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Noah Weber

text prompts to create genetic circuits

What if you can create genetic circuits that exhibit certain phenotypes and fulfill certain functions by only using natural language?

Prompts of a kind: “Design a genetic circuit that acts as a biosensor to detect the presence of a specific molecule and produce a fluorescent output.” Could be used to design genetic circuits in a standardized, machine readable way. This would allow non-biologists to create genetic circuits, the same way midjourney allowed anybody to create images.

Develop a novel approach to generate genetic circuits with specific properties by employing conditional stable diffusion on ontologies of Synthetic Biology Open Language (SBOL) guided by text prompts. I posit that this methodology will result in fully correct genetic circuits that satisfy certain biological constraints while providing an intuitive and human-readable interface for the design process. Additionally, we assume that conditioning the generation on certain reward functions might further enhance the generative process.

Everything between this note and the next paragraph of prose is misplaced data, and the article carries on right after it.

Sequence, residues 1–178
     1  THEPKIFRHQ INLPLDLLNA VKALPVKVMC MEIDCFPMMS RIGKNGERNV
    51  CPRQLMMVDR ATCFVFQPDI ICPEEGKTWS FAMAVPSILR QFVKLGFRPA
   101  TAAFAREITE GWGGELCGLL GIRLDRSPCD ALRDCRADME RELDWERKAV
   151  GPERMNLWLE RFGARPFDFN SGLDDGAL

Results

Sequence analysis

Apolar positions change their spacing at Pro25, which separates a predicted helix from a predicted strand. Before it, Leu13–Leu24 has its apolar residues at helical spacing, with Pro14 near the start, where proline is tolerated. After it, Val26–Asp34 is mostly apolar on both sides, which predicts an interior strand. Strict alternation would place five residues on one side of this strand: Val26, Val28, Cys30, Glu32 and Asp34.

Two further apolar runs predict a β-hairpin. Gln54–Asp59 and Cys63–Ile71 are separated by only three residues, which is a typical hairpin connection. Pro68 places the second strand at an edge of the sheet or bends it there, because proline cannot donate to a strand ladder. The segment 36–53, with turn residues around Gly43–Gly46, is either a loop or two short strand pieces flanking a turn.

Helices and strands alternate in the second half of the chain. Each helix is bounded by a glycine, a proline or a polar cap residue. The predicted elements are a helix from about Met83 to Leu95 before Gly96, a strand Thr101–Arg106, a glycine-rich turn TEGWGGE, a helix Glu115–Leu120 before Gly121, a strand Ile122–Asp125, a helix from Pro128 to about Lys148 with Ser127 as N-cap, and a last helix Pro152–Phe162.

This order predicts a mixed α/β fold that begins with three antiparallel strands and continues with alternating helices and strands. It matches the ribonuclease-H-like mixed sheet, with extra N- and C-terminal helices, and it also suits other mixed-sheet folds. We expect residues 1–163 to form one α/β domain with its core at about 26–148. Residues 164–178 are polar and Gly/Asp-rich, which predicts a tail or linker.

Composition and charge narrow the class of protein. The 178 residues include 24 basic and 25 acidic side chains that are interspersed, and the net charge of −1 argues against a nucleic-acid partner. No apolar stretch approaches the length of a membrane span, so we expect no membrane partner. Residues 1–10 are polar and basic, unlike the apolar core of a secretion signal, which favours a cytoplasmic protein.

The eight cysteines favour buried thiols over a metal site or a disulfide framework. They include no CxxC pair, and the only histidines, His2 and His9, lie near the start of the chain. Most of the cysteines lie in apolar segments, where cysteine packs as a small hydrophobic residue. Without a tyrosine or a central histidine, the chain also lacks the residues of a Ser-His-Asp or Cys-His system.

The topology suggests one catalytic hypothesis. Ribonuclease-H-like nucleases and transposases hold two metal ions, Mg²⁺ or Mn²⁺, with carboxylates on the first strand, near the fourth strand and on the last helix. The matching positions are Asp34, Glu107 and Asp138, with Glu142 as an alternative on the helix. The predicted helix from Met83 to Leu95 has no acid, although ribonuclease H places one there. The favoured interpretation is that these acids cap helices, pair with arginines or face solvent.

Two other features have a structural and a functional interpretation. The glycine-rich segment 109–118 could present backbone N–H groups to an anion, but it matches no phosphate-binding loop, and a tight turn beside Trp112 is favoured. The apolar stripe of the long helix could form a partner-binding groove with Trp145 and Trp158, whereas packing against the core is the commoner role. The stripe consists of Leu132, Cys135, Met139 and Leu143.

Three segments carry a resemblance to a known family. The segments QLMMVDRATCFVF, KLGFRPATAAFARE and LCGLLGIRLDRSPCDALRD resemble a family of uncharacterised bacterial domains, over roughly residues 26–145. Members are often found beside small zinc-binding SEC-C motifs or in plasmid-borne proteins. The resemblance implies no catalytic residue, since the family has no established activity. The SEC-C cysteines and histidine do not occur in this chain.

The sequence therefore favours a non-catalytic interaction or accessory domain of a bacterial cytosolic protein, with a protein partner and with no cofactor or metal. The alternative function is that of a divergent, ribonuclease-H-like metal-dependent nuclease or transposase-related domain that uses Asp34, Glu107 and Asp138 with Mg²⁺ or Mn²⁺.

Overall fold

There is a longer 10 page document where I outline this research direction in detail.

Will DeLoache

golden gate-esque DNA assembly

I want someone to develop a staggered cutting CRISPR nuclease fused to a DNA ligase that enables scarless, one-pot, in vivo DNA assembly + genome editing of large payloads in any organism, especially those with low endogenous rates of homologous recombination. Basically I want to be able to perform golden gate-esque DNA assembly without needing to remove restriction sites from my constructs while simultaneous integrating those payloads into the genome of a target cell in a precise location.